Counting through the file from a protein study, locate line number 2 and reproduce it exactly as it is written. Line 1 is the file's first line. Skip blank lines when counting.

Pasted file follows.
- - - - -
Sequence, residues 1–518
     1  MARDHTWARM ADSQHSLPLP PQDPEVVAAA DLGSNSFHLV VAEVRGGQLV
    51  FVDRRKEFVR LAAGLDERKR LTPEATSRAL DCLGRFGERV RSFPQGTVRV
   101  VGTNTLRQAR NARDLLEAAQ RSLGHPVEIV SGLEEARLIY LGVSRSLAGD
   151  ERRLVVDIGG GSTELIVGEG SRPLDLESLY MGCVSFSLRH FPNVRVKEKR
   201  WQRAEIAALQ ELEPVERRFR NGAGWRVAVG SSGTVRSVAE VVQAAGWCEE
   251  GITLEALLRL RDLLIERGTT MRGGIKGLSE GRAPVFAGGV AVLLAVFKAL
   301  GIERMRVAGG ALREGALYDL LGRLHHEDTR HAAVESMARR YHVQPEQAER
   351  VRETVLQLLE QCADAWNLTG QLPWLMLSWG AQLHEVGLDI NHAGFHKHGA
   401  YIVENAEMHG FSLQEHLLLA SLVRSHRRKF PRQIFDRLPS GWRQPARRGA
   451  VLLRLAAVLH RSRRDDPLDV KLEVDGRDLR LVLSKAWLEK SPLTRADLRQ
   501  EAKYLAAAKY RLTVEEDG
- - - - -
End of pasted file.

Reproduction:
     1  MARDHTWARM ADSQHSLPLP PQDPEVVAAA DLGSNSFHLV VAEVRGGQLV